The 'Commencement Problem': Lessons from a Statute's First Year
University of Houston Law Center
UC Davis Law Review, 2006
U of Houston Law Center No. 2006-W-03
U of Texas Law, Public Law Research Paper No. 86
Passed in February 2005, the Class Action Fairness Act is the most comprehensive effort at regulating class action litigation the Congress has ever enacted. As we pass the first anniversary of the CAFA's enactment, there is a valuable opportunity to be taken in looking at the major questions with which the courts have been engaged in interpreting the new law. The primary problem has been deciding to what cases the new statute applies. Defendants, eager to gain the benefits of the new legislation, have attempted to extend the statute's reach to cases filed before the date it went into effect, February 18, 2005. While the precise commencement questions raised by the CAFA will only remain live issues for a short time, there is much in the CAFA case law to command our attention. The CAFA cases warrant continued and careful consideration because the issues with which the courts have dealt also arise regularly beyond the class action context, and will continue to do so. Whenever new legislation is enacted questions can arise over its applicability to pending cases. Surprisingly, courts and commentators previously have not given rigorous attention to the commencement problem; as a result, many of the reported decisions either reflexively follow older, not particularly well-reasoned precedents or simply reach dubious results.
In this essay, I suggest that in interpreting the meaning of commenced, when used as a statutory application trigger, it would be valuable for courts to follow three essential canons of construction. First, whenever new legislation uses the date of commencement as a relevant point in time for identifying those cases to which the new statute applies, a court should first discern whether the law specifically defines the term. Assuming state law governs the definition of when a state suit is commenced because the federal statute does not include a different method, the second step is to determine whether a state rule fixes the time at which an action is commenced and, if so, to figure out what is that relevant date. Finally, the third canon of construction is to distinguish between state rules that fix the date of commencement with those that set requirements for maintaining the action or that have some other, even more specific purpose in mind. When the text of a law does not instruct differently, reflexive consideration of rules directed to purposes other than fixing the date of commencement confuses the inquiry with which the court must be involved. The question - the only relevant question - in interpreting statutory text governing its applicability is what did the Congress mean when it provided that the statute would apply only to cases commenced on or after the law's effective date. A court that follows these three canons of construction is more likely to better keep straight the proper inquiry about which it should be engaged.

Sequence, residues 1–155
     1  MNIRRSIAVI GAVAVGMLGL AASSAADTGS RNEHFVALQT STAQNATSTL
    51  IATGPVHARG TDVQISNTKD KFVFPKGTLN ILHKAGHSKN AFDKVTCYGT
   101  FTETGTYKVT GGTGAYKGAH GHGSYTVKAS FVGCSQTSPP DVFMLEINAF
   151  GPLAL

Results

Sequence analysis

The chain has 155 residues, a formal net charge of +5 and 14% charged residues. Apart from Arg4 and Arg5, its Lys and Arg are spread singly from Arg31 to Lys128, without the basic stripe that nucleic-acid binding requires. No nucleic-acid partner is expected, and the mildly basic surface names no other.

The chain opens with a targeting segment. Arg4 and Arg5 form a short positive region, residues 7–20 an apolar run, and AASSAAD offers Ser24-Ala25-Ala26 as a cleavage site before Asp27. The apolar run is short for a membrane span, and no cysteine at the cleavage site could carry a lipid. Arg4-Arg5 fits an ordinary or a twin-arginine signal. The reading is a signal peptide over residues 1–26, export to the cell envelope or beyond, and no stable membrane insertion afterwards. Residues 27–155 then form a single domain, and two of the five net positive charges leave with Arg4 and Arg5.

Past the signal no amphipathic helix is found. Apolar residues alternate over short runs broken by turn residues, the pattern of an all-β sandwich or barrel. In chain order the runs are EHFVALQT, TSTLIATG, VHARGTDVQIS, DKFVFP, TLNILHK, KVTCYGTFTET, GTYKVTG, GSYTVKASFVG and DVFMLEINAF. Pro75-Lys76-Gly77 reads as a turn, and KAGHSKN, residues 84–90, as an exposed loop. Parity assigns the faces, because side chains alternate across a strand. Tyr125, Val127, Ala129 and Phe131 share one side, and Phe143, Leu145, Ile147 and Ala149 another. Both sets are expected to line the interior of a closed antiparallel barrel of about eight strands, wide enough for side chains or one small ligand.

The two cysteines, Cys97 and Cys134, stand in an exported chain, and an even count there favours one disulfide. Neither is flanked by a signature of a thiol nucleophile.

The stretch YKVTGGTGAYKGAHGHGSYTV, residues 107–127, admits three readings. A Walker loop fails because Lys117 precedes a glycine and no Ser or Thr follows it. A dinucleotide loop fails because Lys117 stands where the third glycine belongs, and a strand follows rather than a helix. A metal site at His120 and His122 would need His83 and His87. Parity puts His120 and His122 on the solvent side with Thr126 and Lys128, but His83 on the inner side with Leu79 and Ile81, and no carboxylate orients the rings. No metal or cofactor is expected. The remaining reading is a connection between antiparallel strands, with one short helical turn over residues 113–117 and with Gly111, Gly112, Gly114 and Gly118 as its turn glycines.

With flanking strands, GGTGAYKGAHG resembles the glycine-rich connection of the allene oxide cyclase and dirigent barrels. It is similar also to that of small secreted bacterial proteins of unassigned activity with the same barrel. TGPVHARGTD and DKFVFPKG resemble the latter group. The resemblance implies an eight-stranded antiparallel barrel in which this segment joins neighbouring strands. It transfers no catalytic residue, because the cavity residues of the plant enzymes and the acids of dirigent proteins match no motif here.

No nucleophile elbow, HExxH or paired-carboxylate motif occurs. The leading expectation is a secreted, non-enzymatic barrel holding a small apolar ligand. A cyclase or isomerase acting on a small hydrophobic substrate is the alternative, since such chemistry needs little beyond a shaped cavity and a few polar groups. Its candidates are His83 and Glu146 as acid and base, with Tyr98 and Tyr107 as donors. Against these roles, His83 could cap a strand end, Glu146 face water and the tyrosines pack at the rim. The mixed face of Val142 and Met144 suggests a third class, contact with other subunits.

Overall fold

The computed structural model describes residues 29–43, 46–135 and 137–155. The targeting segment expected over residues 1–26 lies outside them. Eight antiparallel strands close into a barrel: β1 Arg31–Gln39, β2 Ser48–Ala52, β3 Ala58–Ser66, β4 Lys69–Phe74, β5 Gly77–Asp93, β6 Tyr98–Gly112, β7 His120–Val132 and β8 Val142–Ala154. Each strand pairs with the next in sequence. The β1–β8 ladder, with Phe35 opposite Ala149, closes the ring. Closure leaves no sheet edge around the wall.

Number of Pages in PDF File: 42
Keywords: statutory commencement, statutory interpretation, class action fairness act
JEL Classification: K10, K40, K41
Date posted: February 8, 2006